Feasibility of closed-chest ligation of the left atrial appendage in humans.
      Preclinical studies with the AtriClip device have documented complete LAA exclusion by magnetic resonance imaging and histologic evidence of endothelial formation on the occluded orifice of the LAA.
      • Fumoto H.
      • Gillinov A.M.
      • Ootaki Y.
      • Akiyama M.
      • Saeed D.
      • Horai T.
      • et al.
      A novel device for left atrial appendage exclusion: the third-generation atrial exclusion device.
      • Salzberg S.P.
      • Gillinov A.M.
      • Anyanwu A.
      • Castillo J.
      • Filsoufi F.
      • Adams D.H.
      Surgical left atrial appendage occlusion: evaluation of a novel device with magnetic resonance imaging.
      Salzberg and colleagues
      • Salzberg S.P.
      • Plass A.
      • Emmert M.Y.
      • Desbiolles L.
      • Alkadhi H.
      • Grünenfelder J.
      • et al.
      Left atrial appendage clip occlusion: early clinical results.
      reported the initial European study of 34 patients that documented no device-related perioperative complications and stable clip placement by CT imaging at 3 months. These results have led to European CE Mark approval. Thoracoscopic treatment of the LAA has been suggested as a sole therapy for patients with AF to minimize stroke risk.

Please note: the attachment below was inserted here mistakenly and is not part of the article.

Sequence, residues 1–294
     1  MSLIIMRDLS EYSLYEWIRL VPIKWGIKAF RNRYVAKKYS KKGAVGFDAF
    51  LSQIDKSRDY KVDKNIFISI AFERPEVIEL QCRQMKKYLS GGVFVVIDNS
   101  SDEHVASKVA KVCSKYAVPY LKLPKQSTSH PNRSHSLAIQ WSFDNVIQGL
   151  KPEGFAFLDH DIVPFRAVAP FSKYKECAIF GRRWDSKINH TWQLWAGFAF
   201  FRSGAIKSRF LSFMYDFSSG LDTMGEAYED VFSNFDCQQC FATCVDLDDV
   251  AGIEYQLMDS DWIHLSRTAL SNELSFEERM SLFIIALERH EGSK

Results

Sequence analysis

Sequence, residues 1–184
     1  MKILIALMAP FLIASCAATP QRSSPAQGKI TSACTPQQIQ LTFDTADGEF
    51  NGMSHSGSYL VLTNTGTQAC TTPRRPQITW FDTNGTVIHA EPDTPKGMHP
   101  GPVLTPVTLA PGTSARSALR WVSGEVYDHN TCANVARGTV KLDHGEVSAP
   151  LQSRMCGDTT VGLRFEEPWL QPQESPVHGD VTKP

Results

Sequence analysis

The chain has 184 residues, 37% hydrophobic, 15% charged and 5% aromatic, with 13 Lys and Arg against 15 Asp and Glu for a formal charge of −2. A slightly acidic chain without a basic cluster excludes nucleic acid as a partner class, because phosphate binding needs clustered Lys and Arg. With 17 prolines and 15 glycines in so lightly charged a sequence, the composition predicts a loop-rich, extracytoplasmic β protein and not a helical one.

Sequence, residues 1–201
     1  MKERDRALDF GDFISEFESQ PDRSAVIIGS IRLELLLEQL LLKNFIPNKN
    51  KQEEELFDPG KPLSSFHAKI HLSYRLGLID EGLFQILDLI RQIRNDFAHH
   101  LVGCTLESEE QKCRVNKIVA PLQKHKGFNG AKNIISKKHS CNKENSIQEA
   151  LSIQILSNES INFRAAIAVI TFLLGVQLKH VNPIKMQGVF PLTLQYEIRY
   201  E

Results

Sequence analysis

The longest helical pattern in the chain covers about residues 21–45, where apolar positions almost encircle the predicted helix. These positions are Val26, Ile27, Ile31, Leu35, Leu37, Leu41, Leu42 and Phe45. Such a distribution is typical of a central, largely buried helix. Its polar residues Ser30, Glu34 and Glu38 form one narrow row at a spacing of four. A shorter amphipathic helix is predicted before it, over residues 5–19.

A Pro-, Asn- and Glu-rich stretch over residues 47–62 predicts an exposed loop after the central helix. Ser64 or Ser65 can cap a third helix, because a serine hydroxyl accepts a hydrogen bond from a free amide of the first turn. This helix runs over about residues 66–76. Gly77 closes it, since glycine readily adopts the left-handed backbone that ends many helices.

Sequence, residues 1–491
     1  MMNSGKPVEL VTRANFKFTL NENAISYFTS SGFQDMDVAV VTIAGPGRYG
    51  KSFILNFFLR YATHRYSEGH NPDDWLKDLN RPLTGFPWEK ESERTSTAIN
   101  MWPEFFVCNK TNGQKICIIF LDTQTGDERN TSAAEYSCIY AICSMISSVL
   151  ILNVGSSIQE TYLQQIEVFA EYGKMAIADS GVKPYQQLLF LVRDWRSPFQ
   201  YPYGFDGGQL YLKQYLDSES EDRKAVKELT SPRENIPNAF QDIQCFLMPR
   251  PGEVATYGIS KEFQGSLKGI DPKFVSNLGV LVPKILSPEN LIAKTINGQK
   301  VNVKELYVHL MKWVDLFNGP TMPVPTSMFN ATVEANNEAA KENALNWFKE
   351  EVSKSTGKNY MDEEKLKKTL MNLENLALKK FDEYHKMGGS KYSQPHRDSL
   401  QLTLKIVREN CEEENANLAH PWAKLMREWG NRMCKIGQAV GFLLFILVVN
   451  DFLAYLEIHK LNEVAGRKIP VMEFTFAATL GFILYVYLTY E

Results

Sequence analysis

• Blackshear J.L.
      • Johnson W.D.
      • Odell J.A.
      • Baker V.S.
      • Howard M.
      • Pearce L.
      • et al.
      Thoracoscopic extracardiac obliteration of the left atrial appendage for stroke risk reduction in atrial fibrillation.
      There is evidence to suggest that the AtriClip device results in electrical isolation, and the device has been used as an isolated therapy for focal atrial tachycardia.